Would a better understanding of economics lead to better policies?

I sure think so. So does economist Art Carden, who writes:

Economics: it’s the study of human action and its unintended consequences, and I think it teaches us a lot about wise Christian stewardship and compassionate, prudent public policy. …

One of the beautiful things about economics is that it is non-partisan. Economists rain on everyone’s picnics, whether they be members of Team Red, Team Blue, or Team In-Between. As a lot of scholars have said for a very long time, economics puts parameters on people’s utopias.

Without paying close and careful attention to what economics has to teach us, we run the very real risk of hurting exactly the people we think we are helping.

This is something I try to point out in my policy analysis for the John Locke Foundation. When government decides to get involved in something, I counsel a Hippocratic approach: First, do no harm.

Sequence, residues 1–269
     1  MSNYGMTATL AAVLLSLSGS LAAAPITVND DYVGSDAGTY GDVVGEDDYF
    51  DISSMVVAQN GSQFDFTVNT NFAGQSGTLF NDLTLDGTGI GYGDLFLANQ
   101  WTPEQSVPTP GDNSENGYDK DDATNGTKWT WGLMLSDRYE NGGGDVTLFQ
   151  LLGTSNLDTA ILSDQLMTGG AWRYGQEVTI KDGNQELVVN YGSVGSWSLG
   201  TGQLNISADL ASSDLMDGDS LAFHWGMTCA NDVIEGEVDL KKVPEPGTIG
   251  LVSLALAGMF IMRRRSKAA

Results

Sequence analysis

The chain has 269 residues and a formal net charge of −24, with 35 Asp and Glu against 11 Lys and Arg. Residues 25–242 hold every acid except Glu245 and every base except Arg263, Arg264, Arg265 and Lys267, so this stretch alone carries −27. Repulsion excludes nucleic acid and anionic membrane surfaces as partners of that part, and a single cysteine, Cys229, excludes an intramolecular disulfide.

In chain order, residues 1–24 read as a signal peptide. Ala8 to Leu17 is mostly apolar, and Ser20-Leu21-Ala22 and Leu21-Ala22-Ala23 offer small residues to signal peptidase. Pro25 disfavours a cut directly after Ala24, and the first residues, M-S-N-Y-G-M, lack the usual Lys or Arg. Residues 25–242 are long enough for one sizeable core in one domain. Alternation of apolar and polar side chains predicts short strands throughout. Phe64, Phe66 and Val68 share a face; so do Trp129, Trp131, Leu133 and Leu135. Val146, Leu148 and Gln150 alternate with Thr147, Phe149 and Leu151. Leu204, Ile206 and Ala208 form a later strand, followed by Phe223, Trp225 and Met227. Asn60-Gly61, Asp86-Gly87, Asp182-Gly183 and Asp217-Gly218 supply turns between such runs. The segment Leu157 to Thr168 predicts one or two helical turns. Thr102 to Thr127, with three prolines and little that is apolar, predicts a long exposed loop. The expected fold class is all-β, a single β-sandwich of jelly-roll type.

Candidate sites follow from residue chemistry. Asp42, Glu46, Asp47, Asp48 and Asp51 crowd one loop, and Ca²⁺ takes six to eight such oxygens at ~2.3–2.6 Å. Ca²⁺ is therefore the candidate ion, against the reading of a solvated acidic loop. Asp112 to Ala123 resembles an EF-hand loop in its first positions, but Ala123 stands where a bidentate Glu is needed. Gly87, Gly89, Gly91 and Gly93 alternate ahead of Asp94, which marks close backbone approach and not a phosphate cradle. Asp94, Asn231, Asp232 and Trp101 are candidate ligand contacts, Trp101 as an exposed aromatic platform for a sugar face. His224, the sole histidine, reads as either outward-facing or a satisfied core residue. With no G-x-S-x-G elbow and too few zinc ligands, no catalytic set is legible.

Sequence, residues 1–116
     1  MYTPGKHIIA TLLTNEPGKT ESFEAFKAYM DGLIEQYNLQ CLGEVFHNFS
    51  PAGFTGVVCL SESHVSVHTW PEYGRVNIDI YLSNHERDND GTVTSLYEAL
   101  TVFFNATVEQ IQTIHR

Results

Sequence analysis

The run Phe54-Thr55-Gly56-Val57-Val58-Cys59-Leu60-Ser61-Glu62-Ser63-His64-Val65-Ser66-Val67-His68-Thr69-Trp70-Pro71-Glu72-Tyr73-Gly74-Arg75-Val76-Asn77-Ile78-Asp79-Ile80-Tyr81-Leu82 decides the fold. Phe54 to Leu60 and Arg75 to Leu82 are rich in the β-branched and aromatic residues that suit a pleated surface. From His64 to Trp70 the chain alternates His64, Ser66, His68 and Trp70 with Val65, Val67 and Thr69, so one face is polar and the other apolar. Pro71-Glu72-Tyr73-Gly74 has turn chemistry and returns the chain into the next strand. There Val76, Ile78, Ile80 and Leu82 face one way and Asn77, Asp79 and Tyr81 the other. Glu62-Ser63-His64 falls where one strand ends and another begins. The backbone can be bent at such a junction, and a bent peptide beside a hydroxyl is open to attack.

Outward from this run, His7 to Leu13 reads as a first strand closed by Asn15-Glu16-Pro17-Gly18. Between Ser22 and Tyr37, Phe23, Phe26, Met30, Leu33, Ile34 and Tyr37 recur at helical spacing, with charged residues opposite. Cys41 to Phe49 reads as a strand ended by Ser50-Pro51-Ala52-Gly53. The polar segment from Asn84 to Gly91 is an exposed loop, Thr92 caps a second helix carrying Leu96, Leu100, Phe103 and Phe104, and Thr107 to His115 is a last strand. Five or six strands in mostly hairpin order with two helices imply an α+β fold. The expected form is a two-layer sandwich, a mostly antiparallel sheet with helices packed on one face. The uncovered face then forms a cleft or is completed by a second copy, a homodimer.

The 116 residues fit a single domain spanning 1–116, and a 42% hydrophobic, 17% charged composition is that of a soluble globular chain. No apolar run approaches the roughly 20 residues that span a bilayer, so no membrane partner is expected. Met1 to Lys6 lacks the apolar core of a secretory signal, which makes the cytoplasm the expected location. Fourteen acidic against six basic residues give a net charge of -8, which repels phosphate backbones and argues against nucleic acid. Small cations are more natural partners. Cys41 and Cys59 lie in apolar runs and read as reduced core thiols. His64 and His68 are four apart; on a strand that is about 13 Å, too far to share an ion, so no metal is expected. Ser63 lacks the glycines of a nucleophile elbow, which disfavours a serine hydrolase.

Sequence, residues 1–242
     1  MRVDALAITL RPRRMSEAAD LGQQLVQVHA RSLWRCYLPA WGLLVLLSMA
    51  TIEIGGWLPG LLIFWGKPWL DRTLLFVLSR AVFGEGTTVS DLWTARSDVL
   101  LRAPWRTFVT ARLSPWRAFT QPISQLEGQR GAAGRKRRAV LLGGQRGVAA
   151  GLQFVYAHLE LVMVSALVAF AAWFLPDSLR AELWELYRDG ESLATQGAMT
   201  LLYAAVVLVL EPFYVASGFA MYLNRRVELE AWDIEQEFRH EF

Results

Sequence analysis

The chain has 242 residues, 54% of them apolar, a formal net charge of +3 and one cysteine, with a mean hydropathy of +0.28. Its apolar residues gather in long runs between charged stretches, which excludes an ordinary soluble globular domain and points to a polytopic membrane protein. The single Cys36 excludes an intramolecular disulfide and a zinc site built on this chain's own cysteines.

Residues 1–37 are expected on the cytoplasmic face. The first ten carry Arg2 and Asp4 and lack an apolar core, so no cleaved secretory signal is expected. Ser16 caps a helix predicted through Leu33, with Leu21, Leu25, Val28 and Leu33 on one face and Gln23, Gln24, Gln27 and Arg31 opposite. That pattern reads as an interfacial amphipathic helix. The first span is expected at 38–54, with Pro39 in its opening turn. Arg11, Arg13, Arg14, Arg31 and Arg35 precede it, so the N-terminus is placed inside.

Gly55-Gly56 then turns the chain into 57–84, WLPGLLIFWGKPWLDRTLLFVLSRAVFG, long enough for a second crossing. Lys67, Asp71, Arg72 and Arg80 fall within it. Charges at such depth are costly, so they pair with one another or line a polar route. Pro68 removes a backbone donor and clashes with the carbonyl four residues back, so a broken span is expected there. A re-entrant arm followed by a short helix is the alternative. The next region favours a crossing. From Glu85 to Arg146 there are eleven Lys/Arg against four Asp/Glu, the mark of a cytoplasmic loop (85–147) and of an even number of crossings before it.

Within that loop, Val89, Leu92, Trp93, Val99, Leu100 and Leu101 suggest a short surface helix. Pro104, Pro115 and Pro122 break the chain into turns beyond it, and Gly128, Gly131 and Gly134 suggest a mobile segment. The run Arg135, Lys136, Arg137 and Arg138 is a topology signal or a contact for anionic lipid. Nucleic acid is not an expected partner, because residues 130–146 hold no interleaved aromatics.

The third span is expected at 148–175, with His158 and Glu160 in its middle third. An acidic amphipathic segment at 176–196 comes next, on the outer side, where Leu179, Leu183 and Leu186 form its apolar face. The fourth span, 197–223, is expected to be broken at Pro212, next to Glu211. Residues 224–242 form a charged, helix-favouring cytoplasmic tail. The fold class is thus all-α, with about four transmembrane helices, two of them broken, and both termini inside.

I also hearken back to the North Carolina motto: Esse quam videri. To be rather than to seem.

In practical terms, I’ve listed rules for policies instituted to help the poor. The first one should be obvious but it trips up people way more than it should: Policies put forth to help the poor should actually work to help the poor.

I recognize most interventions are done out of good intentions to better society, but that cannot be enough. There’s a reason it’s said that “The road to hell is paved with good intentions.” You might start with the best, the noblest of aspirations, but you have to pay attention to where you’re heading.

To be helping people with well-considered policies is far, far, far preferable than to seem to be helping them but actually harming them with ill-conceived, well-seeming policies. For that matter, doing nothing is preferable to doing harm in the guise of doing good.

I’ve often pointed out policies that are, as Carden puts it, hurting exactly the people we think we are helping. Here are a few examples, which include issues Carden lists:

I would add that many other policies I write about, such as the state lottery and occupational licensing, also clearly have net negative unintended consequences. But they don’t necessarily have that aspect of harming the very ones they’re intended to help.

Jon Sanders / Research Editor and Senior Fellow, Regulatory Studies

Jon Sanders studies regulatory policy, a veritable kudzu of invasive government and unintended consequences. As director of regulatory studies at the John Locke Foundation, Jo...